Pfu DNA polymerase
Pfu DNA polymerase is an enzyme found in the hyperthermophilic archaeon Pyrococcus furiosus, where it functions to copy the organism's DNA during cell division. In the laboratory setting, Pfu is used to amplify DNA in the polymerase chain reaction (PCR), where the enzyme serves the central function of copying a new strand of DNA during each extension step.
Proofreading ability of Pfu polymerase
Pfu DNA polymerase has superior thermostability and proofreading properties compared to Taq DNA polymerase. Unlike Taq DNA polymerase, Pfu DNA polymerase possesses 3' to 5' exonuclease proofreading activity, meaning that as the DNA is assembled from the 5' end to 3' end, the exonuclease activity immediately removes nucleotides misincorporated at the 3' end of the growing DNA strand. Consequently, Pfu DNA polymerase-generated PCR fragments will have fewer errors than Taq-generated PCR inserts.
Commercially available Pfu typically results in an error rate of 1 in 1.3 million base pairs and can yield 2.6% mutated products when amplifying 1 kb fragments using PCR. However, Pfu is slower and typically requires 1–2 minutes per cycle to amplify 1kb of DNA at 72 °C. Using Pfu DNA polymerase in PCR reactions also results in blunt-ended PCR products.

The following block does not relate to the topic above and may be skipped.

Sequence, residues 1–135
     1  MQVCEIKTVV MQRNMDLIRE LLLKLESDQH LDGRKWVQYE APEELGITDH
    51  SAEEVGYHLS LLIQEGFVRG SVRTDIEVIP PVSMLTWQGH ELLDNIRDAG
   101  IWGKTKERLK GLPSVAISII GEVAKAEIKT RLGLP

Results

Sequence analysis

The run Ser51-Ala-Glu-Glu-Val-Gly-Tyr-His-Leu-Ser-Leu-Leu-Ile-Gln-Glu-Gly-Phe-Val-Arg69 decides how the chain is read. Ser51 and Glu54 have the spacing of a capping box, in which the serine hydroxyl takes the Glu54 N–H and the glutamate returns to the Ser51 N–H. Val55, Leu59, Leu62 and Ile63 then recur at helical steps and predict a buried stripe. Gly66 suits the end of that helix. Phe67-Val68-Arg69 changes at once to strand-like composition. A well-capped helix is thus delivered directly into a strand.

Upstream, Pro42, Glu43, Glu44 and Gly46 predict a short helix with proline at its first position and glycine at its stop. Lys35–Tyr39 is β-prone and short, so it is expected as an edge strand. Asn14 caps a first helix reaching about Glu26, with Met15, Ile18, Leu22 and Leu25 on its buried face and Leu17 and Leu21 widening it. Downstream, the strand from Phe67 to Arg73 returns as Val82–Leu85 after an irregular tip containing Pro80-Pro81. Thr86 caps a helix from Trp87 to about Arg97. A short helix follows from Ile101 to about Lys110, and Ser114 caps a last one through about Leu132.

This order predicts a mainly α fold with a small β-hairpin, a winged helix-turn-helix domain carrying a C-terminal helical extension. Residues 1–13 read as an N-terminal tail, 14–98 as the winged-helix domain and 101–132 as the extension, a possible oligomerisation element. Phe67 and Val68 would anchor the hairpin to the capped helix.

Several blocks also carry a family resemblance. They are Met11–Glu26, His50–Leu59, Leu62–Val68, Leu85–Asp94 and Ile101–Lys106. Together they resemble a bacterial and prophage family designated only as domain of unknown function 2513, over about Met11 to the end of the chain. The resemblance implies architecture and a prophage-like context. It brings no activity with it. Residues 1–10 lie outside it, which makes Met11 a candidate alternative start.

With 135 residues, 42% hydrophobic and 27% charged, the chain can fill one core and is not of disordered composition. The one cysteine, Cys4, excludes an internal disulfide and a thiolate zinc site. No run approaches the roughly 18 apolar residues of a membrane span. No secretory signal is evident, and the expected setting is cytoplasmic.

Pfu DNA polymerase is hence superior to Taq DNA polymerase for techniques that require high-fidelity DNA synthesis, but can also be used in conjunction with Taq polymerase to obtain the fidelity of Pfu with the speed of Taq polymerase activity..
Scientists associated with the biotech company Stratagene, based in La Jolla, California, discovered the superiority of Pfu over Taq in 1991. They published their work as Lundberg et al., "A High Fidelity Thermostable DNA Polymerase Isolated from Pyrococcus Furiosus," Strategies 4:34-35 (1991) and Gene in December of that year (Gene. 1991 Dec 12;108(1):1-6). U.S. Patent 5,489,523 was granted over exonuclease-deficient Pfu in February 1996 while U.S. and (1991)Patent 5,545,552 over Pfu itself was granted in August 1996.